When info about Sony's NW-S200 Sports Walkman leaked onto the Web back in July, I was quick to lean on the company's PR team to get the inside scoop. It took many patient weeks of waiting to get my hands on an actual review unit of the fitness-minded MP3 player, hoping in the interim Sony might possible address its SonicStage jukebox software. Unfortunately, that was not to be, but the sleek little NW-S200 serves as a reminder that Sony can at least get the hardware right.
I can't get over how much the NW-S200 looks like a cigar in person (smoking it, however, is highly inadvisable). At 3.8 by 0.6 inches and formed in a cylinder, the player is nearly identical in both size and shape to the smaller cigars available on the market. It's also quite light, weighing in at just under an ounce. The player is available in 1GB (NW-S203, $120) and 2GB (NW-S205, $150) capacities. Both models are black and feature identical brushed-aluminum construction. Like the NW-E400, this player's main controller is a multifunction knob situated on the end of device. Next to this knob are the Play/Pause key, the volume rocker, and the mode button, then the single-line OEL display, which features brightly lit (and easy to read) light-colored text on a dark background. As with many current Sony MP3 players, including the NW-A1200, the screen is protected beneath the outer layer of the device.
Navigating the NW-S200 is pretty straightforward, and certainly more intuitive than with the NW-E000. The mode button takes you to the main menu, where you can select from several icon-based options. Twisting the aforementioned knob flips through the selections: search, sports mode, stopwatch, all songs, FM, playlist, and settings. If you push the knob all the way in toward the player, it activates the hold function; if you pull it all the way out, you can use it to navigate by album. (In the neutral position, it scrubs through tracks.)
One look at the NW-S200's extras immediately reveals its athletic intention. The player is packaged with an armband and sport-style earbuds. And it's water resistant, so it can withstand sweat and even rainfall. But the star of the show is the built-in G-Sensor, which allows you to use the NW-S200 as a pedometer. Of course, you can also input your height, weight, age, and stride so that the player will keep track of calories burned. And there's a built-in stopwatch with interval capability, which will automatically stop your music when a time-related goal has been reached. In sports mode, a short push of the mode button let's you shuttle between steps taken, calories burned, and time remaining. Unfortunately, while I found this data to be accurate in testing (using a treadmill), I'm not sure how useful it will be--Sony once again fails to note the importance of software. No program for tracking your fitness (à la the Nike + iPod) is included with the player, nor does Sony point the user in the direction of an appropriate third-party application. Sure, it's nice to have these features on paper, but in practice, it's a bit disappointing. (Still interested in this player? Check out our Tips section for ideas on how to track your progress.)
For gym rats, the NW-S200 includes an FM tuner, which is particularly handy for tuning in to your workout facility's TVs. And a couple of unique features--both dependent on the G-Sensor--round out the package. The first is a function that switches the player between standard and shuffle playback modes if you shake it three times with the LCD facing up. This is very cool in person--you feel like you're actually shaking the songs up. The second are the onboard "running" and "walking" playlists that you designate based on the playlists you have already created. If you're strolling along with your player, the "walking" playlist comes on, and when you speed up, the "running" one starts. This is a neat feature we'd love to see expanded upon in future fitness-friendly MP3 players.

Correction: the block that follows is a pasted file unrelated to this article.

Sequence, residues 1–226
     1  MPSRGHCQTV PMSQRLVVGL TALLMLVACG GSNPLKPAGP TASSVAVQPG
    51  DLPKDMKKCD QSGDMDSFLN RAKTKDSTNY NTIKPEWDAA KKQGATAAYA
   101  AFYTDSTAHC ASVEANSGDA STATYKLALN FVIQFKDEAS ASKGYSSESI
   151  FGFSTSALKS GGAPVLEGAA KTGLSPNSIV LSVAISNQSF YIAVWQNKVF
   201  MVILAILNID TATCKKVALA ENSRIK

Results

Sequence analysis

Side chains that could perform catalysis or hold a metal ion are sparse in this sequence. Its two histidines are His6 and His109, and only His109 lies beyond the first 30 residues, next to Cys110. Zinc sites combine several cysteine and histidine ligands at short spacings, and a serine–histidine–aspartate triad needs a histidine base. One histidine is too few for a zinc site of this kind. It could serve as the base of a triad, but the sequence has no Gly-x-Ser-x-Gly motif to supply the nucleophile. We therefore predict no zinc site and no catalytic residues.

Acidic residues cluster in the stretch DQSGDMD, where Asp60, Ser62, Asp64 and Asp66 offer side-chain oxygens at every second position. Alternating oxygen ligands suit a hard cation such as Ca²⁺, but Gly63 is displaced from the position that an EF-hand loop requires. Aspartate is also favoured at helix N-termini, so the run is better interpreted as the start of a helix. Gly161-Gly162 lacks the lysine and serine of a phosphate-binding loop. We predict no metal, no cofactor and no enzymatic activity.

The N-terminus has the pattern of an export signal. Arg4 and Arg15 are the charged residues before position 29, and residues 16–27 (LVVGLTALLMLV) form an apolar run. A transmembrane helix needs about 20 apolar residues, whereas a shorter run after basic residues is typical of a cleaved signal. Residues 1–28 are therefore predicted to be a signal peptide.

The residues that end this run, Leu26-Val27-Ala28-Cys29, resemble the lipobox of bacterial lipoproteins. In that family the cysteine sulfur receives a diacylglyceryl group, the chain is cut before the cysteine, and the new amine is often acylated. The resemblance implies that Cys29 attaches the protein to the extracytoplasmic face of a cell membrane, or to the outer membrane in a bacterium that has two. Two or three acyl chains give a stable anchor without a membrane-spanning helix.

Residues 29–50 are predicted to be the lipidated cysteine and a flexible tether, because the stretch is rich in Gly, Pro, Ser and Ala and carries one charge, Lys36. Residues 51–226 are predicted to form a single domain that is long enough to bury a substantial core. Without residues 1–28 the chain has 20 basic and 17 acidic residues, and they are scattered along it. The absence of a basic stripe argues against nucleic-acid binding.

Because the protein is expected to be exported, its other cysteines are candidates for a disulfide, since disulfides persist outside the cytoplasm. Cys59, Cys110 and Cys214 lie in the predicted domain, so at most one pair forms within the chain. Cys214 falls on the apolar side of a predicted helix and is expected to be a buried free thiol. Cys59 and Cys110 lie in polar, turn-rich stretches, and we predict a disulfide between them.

Unsurprisingly, the NW-S200's audio quality is top-notch, though I found it difficult to enjoy through the uncomfortably hard plastic earbuds that came with the player. The ear-wrap design is a nice touch, but the ear loops aren't adjustable, so they won't fit all users (notably those with small ears). But when I swapped in my Shure E4c test 'phones, I was rewarded with rich, clear audio that offered plenty of bass and an ear-splitting max volume. Rated battery life is similarly impressive at 18 hours. Unfortunately, CNET Labs' tests proved that not all Sony MP3 players can outlast the Energizer Bunny; we got only about 14 hours of playback.
Finally, I must point out that Sony is taking a step in the right direction by adding AAC and WMA support to its latest MP3 players, and that includes the NW-E000. Of course, it also plays MP3 and both protected and unprotected ATRAC files (WMA and AAC must be unprotected). This is a surprisingly open attitude from the company that once didn't even directly support MP3 playback. However, SonicStage rather sullies the whole experience. And not to sound like a broken record, but I'm just going to quote my Sony NW-E000 review here: "Unfortunately, Sony rather takes the shine off [the player] by requiring that you use SonicStage to transfer tunes to the device. This software is simply awful--I found myself hating it all over again in the few minutes it took get some tunes on the NW-E000. It's poorly laid out and does not organize music in an intuitive fashion. For me, this is a deal breaker. But for those who are accustomed to the SonicStage/Connect universe, the NW-E000 should make the cut." The same applies the NW-S200; still, the handy fitness-friendly features and the innovative uses of the G-Sensor technology make it a tempting option.